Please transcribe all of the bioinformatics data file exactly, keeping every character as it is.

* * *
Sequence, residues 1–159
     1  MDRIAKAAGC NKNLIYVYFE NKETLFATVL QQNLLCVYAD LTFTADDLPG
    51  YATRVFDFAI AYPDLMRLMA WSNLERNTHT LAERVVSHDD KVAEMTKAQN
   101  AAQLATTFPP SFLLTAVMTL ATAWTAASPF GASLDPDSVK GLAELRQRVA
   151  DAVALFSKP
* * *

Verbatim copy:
Sequence, residues 1–159
     1  MDRIAKAAGC NKNLIYVYFE NKETLFATVL QQNLLCVYAD LTFTADDLPG
    51  YATRVFDFAI AYPDLMRLMA WSNLERNTHT LAERVVSHDD KVAEMTKAQN
   101  AAQLATTFPP SFLLTAVMTL ATAWTAASPF GASLDPDSVK GLAELRQRVA
   151  DAVALFSKP